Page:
Based on Francesca Happé’s best-selling textbook, Autism: An Introduction to Psychological Theory, this completely new edition provides a concise overview of contemporary psychological theories about autism. Fletcher-Watson and Happé explore the relationship between theories of autism at psychological (cognitive), biological and behavioural levels, and consider their clinical and educational impact.
The authors summarise what is known about the biology and behavioural features of autism, and provide concise but comprehensive accounts of all influential psychological models including ‘Theory of Mind’ (ToM) models, early social development models and alternative information processing models such as ‘weak central coherence’ theory. The book also discusses more recent attempts to understand autism, including the ‘Double Empathy Problem’ and Bayesian theories. In each case, the authors describe the theory, review the evidence and provide critical analysis of its value and impact. Recognising the multiplicity of theoretical views, and rapidly changing nature of autism research, each chapter considers current debates and major questions that remain for the future.
Importantly, the book includes the voices of autistic people, including parents and practitioners, who were asked to provide commentaries on each chapter, helping to contextualise theory and research evidence with accounts of real-life experience. The book embraces neurodiversity whilst recognising the real needs of autistic people and their families. Thus Autism: A New Introduction to Psychological Theory and Current Debate provides the reader with a critical overview of psychological theory but also embeds this within community perspectives, making it a relevant and progressive contribution to understanding autism, and essential reading for students and practitioners across educational, clinical and social settings.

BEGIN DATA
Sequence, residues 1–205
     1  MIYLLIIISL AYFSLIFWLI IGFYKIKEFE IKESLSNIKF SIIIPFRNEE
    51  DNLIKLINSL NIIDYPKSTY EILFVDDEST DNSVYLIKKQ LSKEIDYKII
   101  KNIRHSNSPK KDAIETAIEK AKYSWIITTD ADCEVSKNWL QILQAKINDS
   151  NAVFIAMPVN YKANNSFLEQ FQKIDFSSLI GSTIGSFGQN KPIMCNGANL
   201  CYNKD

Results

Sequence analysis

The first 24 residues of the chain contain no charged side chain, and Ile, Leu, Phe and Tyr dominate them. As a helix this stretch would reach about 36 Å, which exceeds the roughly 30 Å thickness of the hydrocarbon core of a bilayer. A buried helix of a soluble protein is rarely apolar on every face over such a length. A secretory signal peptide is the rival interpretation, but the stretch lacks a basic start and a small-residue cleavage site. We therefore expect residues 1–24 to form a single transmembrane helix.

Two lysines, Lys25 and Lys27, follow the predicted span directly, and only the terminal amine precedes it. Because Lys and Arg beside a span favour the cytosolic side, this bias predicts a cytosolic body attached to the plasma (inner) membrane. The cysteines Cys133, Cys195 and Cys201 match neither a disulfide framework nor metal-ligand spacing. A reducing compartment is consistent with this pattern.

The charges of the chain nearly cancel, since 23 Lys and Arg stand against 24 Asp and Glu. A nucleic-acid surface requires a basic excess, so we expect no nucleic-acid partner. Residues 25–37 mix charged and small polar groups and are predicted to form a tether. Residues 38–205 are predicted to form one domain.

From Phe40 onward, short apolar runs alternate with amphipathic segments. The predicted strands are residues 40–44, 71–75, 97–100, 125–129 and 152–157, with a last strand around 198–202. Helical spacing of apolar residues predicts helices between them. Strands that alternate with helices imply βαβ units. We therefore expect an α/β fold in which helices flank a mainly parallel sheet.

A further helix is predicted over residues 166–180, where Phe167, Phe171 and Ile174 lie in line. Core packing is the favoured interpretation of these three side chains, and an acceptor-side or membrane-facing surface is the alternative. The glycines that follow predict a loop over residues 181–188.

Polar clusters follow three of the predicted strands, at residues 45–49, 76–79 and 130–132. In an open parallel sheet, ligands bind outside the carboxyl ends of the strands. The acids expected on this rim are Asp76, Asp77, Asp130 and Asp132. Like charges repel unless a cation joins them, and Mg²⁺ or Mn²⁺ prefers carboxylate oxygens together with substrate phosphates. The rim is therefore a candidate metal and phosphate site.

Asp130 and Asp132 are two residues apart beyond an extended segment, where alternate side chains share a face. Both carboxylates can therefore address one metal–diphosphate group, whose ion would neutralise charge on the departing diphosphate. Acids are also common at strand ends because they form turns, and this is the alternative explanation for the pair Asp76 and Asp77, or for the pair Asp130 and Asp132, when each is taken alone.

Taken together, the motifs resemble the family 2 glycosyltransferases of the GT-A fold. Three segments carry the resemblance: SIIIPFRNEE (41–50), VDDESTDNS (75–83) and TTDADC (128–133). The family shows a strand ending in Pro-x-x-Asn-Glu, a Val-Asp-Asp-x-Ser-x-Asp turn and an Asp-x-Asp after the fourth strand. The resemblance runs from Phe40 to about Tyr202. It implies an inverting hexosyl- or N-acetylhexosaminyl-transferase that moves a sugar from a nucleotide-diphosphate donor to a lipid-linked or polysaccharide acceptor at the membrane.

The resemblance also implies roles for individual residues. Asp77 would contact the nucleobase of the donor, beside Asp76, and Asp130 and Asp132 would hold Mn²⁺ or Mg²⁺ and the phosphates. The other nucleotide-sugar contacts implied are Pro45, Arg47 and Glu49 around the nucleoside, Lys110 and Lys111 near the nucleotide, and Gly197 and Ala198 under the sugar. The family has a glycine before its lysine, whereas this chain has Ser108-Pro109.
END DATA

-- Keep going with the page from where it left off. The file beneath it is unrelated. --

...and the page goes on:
About the Authors:
Sue Fletcher-Watson is Senior Research Fellow at the Patrick Wild Centre, University of Edinburgh, and leads the Development/Autism/Research/Technology, or DART, lab group. She has been awarded the British Psychological Society Margaret Donaldson Prize and a certificate of excellence from Autism Rights Group Highland for “amplification and inclusion of autistic voices”.
Francesca Happé (FBA FMedSci) is Professor of Cognitive Neuroscience and Director of the Social, Genetic and Developmental Psychiatry Centre at the Institute of Psychiatry, Psychology and Neuroscience, King’s College London. She has worked in autism research for over 30 years, was President of the International Society for Autism Research and has been awarded the British Psychological Society Spearman Medal, the Experimental Psychology Society Prize and the Royal Society Rosalind Franklin Award.